Courtesy, Geoff Teall

I’ve been so lucky, I get to teach a lot of clinics around the country and because of that, when I have a 2-day or 3-day clinic ahead of me after having done probably 8 or ten million of them, I’m very confident that as long as I work on just the very simplest things and I start at the beginning and go very slowly and very methodically and very thoughtfully that I will get to the finish that I want to get to. Because I’ve had a chance to do that in so many different situations, it’s very easy for me at this point in my career to never vary from it. So that’s a long way of saying, basics, simplicity, good habits. I like to say at clinics that the best rider is the rider who does the simplest things the best. It’s not the rider who does this fancy schmancy thing or that fancy schmancy thing the best. It’s the rider who does the simplest things the best and that’s what we all have to keep track of.

Over the years, you’ve written a lot of articles for Practical Horseman. The most recent one is about your program for helping your students “see a distance.” It seems as if there are a lot of amateur riders who beat themselves up if they don’t see the ideal take-off spot to a fence. Why is that such a prevalent feeling among riders?

Seeing a distance, unless you can keep it at bay, will become the most important thing in the world and that’s it’s biggest danger. Everybody worries themselves to death about it, talks about it, dreams about it and so it becomes larger than life. And the reality to me is that each person really has the same ability to see a distance … If you can discipline yourself to ride forward and straight and in an even pace and maintain that going to that jump, your eye coupled with the help of a horse, you will react to what’s happening subconsciously or automatically. The trick is to understand the pieces that you can control and must control and then they will take care of those things that you cannot control. So the opposite is if you go to the jump and you are actively looking for a distance, then unknowingly, more than likely you’re either slowing down, speeding up, going left or going right and therefore, the distance will elude you. So the very thing you are looking for, you’re creating an environment where it won’t happen. Instead you have to manage that and control that situation and control what you can control, which is pace and line and as a result you will see or react or feel the distance.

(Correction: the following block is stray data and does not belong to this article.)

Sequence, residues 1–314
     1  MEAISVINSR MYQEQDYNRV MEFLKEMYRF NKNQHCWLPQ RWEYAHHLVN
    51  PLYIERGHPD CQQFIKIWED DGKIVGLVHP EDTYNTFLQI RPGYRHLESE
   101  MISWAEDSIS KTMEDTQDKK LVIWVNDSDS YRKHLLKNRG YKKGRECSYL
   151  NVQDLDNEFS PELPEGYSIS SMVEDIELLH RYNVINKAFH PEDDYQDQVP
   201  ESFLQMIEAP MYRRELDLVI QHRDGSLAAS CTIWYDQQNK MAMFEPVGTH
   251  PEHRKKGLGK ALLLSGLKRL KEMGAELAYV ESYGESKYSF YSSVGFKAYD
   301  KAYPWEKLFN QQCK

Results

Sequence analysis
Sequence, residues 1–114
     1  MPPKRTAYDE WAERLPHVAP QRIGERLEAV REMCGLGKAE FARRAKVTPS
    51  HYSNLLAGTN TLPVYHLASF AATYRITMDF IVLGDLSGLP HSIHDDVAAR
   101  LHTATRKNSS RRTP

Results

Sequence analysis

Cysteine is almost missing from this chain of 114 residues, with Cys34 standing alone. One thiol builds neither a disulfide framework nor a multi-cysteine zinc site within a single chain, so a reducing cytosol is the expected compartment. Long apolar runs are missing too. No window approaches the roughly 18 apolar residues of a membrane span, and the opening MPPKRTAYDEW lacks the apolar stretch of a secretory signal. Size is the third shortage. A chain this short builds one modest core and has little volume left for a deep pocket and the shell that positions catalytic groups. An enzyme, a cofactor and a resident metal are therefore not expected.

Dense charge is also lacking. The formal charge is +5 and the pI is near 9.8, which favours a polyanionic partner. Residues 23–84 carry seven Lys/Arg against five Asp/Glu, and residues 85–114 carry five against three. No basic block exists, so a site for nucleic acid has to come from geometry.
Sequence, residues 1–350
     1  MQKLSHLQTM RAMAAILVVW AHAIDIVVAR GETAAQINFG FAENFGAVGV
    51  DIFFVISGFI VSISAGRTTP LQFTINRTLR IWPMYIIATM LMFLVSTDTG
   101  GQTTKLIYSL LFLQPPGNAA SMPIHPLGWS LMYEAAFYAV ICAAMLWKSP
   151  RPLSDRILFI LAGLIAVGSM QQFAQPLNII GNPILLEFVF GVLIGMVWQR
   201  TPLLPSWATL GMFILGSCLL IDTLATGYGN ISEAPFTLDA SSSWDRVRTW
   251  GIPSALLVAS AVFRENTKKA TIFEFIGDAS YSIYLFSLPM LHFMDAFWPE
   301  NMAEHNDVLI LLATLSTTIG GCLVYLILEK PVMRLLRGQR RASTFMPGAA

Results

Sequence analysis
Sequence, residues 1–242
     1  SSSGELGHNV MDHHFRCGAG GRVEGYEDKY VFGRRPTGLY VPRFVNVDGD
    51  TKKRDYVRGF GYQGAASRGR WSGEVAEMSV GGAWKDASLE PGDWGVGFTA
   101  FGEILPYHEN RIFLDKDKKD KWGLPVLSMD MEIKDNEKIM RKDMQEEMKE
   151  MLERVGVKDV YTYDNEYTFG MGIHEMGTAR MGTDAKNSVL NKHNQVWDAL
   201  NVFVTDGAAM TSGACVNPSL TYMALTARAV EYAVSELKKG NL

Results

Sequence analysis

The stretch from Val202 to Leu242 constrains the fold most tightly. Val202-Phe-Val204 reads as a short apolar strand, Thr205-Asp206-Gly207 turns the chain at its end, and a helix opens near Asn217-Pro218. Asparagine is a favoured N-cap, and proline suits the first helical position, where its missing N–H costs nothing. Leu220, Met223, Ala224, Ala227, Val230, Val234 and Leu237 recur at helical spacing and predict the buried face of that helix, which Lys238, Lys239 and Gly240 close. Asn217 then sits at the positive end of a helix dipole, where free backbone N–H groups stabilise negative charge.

See also: “See Your Distance”

Could you share your thoughts on SafeSport?

First, we have to create a safe environment for our children and our sport. There’s obviously no question about that and I don’t think anybody could argue with that and it’s not limited to children. We need to be constantly creating the safest and best environment that we can for our participants. Having said that, the only way that I can personally get through this stuff is to really look down the line and so for me, what’s the most important part about all this is that we find these people that have problems or that are a danger or that have issues. We find them as early as we can before they become the icons of our sport and get them out of our sport. So we need to really focus on everything from this point on, looking forward, so that 10 years from now and 15 years from now, 20 years from now, we will be selecting the next group of icons from a group of people who have already passed the test and are safe, upstanding reliable people so that we don’t have the issues in the future that we’re having now. This is a very difficult time. And I struggle with it in a lot of different ways. But again, when I get struggling for me what’s important, just like riding, is to look forward and say, “This is an issue, this is a problem, we can’t have this problem. We need to get to these people as early and as efficiently and as completely as we possibly can so that we can have a clean sport to work from.” 

Listen to the full podcast here

About the Practical Horseman Podcast

The Practical Horseman podcast features conversations with respected riders, industry leaders and horse-care experts to inform, educate and inspire. It is co-hosted by Practical Horseman editors. Find the podcast at iTunes, Stitcher and Soundcloud or wherever you get your podcasts.